Category Archives: Men

Mr. Martin

“I have no doubt that he will thrive and be a very rich man in time–and his being illiterate and coarse need not disturb us.”

Emma’s backhanded compliment of Robert Martin, the farmer Harriet adores
Emma, volume 1, chapter 4

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Filed under Emma, Emma Woodhouse, Harriet Smith, Insults, Men, Money, Robert Martin, Wealth

Vanity, thy name is Sir Walter

“Vanity was the beginning and end of Sir Walter Elliot’s character: vanity of person and of situation. He had been remarkably handsome in his youth, and at fifty-four was still a very fine man. . . . He considered the blessing of beauty as inferior only to the blessing of a baronetcy; and the Sir Walter Elliot, who united these gifts, was the constant object of his warmest respect and devotion.”

Persuasion, volume 1, chapter 1

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Filed under Character description, Men, Persuasion, Pride, Sir Walter Elliot

The measure of a man?

“’Brandon is just the kind of man,’ said Willoughby one day when they were talking of him together, ‘whom everybody speaks well of, and nobody cares about; whom all are delighted to see, and nobody remembers to talk to.’”

Sense & Sensibility, volume 1, chapter 10

Then again, Willoughby is the kind of boy who gets girls pregnant and leaves them to fend for themselves, disgraced and alone in the world.

David Morissey as Colonel Brandon.  ©BBC 2007 for Masterpiece™


Filed under Col. Brandon, Men, Popularity, Sense and Sensibility, Willoughby

I require so much!

“I could not be happy with a man whose taste did not in every point
coincide with my own.  He must enter into all my feelings; the same
books, the same music must charm us both. . . .

Mama, the more I know of the world, the more am I convinced that I
shall never see a man whom I can really love.  I require so much!”

Sense and Sensibility, volume 1, chapter 3

Charity Wakefield as Marianne Dashwood.  ©BBC 2007 for Masterpiece™

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Filed under Love, Marianne, Men, Sense and Sensibility

Too excellent creature!

“I can hardly write.  I am every instant hearing something which overpowers me.  You sink your voice, but I can distinguish the tones of that voice when they would be lost on others.  Too good, too excellent creature!  You do us justice, indeed.  You do believe that there is true attachment and constancy among men.  Believe it to be most fervent, most undeviating, in    F.W.”

Captain Wentworth’s letter to Anne, in the Musgrove’s room at the White Hart in Bath
Persuasion, volume 2, chapter 11

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Filed under Anne Elliot, Capt. Wentworth, Love, Men, Persuasion, Proposals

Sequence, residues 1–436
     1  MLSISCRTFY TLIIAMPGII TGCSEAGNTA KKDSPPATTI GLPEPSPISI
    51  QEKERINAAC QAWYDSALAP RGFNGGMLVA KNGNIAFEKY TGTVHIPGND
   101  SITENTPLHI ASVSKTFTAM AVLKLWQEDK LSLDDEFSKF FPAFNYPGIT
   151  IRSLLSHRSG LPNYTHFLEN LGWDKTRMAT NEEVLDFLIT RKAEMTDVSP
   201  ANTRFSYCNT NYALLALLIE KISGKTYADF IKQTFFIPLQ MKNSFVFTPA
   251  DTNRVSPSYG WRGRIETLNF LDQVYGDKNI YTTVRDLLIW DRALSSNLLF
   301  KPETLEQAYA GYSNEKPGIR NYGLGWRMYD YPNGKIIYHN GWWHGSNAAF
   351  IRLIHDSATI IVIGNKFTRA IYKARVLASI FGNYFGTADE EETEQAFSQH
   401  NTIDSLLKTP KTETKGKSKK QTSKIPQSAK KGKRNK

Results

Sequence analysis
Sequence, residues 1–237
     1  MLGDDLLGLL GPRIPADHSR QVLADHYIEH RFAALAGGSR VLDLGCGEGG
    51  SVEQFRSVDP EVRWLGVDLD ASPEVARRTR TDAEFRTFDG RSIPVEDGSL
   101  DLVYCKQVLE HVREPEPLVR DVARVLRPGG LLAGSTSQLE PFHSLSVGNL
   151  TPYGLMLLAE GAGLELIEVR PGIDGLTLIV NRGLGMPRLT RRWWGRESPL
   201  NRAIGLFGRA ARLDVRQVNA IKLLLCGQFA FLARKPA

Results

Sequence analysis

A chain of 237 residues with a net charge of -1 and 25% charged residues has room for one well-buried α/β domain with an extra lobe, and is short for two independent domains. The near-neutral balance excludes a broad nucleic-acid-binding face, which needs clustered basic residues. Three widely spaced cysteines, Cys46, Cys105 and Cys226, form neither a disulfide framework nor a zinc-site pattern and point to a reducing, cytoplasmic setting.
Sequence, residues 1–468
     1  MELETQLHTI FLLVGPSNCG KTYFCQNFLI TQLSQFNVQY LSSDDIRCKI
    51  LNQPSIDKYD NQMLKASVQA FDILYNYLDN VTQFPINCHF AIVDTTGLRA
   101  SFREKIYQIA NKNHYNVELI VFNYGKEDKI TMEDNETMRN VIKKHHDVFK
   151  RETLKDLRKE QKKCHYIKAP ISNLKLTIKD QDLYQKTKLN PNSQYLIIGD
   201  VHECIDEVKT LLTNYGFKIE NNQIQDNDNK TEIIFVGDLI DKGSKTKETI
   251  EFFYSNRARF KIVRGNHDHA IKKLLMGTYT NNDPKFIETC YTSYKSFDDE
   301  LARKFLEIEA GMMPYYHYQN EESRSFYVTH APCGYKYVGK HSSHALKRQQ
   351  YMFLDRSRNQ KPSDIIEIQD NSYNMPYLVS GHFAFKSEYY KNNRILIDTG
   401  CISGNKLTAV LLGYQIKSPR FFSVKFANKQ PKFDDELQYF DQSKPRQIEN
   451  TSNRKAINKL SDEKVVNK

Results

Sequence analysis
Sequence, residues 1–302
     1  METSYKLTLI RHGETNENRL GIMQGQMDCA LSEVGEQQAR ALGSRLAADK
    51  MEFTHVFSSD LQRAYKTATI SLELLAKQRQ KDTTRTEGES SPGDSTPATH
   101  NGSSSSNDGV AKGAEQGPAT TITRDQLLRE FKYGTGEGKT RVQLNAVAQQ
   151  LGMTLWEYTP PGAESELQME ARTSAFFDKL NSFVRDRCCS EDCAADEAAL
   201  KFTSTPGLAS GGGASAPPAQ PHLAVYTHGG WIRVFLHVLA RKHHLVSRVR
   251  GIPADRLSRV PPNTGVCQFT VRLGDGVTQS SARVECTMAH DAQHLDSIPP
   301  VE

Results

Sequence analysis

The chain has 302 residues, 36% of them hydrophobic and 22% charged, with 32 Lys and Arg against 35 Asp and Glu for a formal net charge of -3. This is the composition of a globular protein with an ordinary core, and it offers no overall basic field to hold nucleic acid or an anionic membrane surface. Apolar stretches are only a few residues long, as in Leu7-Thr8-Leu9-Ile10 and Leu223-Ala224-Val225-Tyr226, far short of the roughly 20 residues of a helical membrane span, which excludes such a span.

Another Man

“It is very true that you never may attach another Man, his equal altogether, but if that other Man has the power of attaching you more, he will be in your eyes the most perfect.”

letter to her niece Fanny Knight
November 30, 1814 [114]

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Filed under Austen family, Letters, Love, Men, niece Fanny Knight

A possible Evil

“I am at present more impressed with the possible Evil that may arise to You from engaging yourself to him–in word or mind–than with anything else.  When I consider how few young Men you have yet seen much of–how capable you are (yes, I do still think you very capable) of being really in love–and how full of temptation the next 6 or 7 years of your Life will probably be–(it is the very period of Life for the strongest attachments to be formed)–I cannot wish you with your present very cool feelings to devote yourself in honour to him.”

letter to her niece Fanny Knight
November 30, 1814 [114]

I think they quoted this nearly directly in Miss Austen Regrets. Olivia Williams as Jane Austen.

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Filed under Austen family, Letters, Love, Marriage, Men, niece Fanny Knight

If he possibly can

Mr_bingley396_396x222“He is just what a young man ought to be,” said she [Jane], “sensible, good-humored, lively; and I never saw such happy manners!–so much ease, with such perfect good breeding!”

“He is also handsome,” replied Elizabeth, “which a young man ought likewise to be, if he possibly can.  His character is thereby complete.”

Lizzy and Jane on meeting Bingley
Pride & Prejudice, volume 1, chapter 4

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Filed under Elizabeth Bennet, Jane Bennet, Men, Mr. Bingley, On being a gentleman, Pride and Prejudice

Marrying without affection

“Anything is to be preferred or endured rather than marrying without Affection; and if his deficiencies of Manner &c &c strike you more than all his good qualities, if you continue to think strongly of them, give him up at once.”

letter to her niece, Fanny Knight, about Mr. John Plumptre, whom Fanny was considering marrying
November 18, 1814 [109]

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Filed under Austen family, Letters, Marriage, Men, niece Fanny Knight

Wisdom is better than Wit

“Think of all this Fanny.  Mr. J.P. has advantages which do not often meet in one person.  His only fault indeed seems Modesty.  If he were less modest, he would be more agreable, speak louder & look Impudenter;–and is it not a fine Character, of which Modesty is the only defect? . . . Wisdom is better than Wit, & in the long run will certainly have the laugh on her side.”

letter to her niece, Fanny Knight, about Mr. John Plumptre, whom Fanny was considering marrying
November 18, 1814 [109]

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Filed under Austen family, Character, Letters, Men, niece Fanny Knight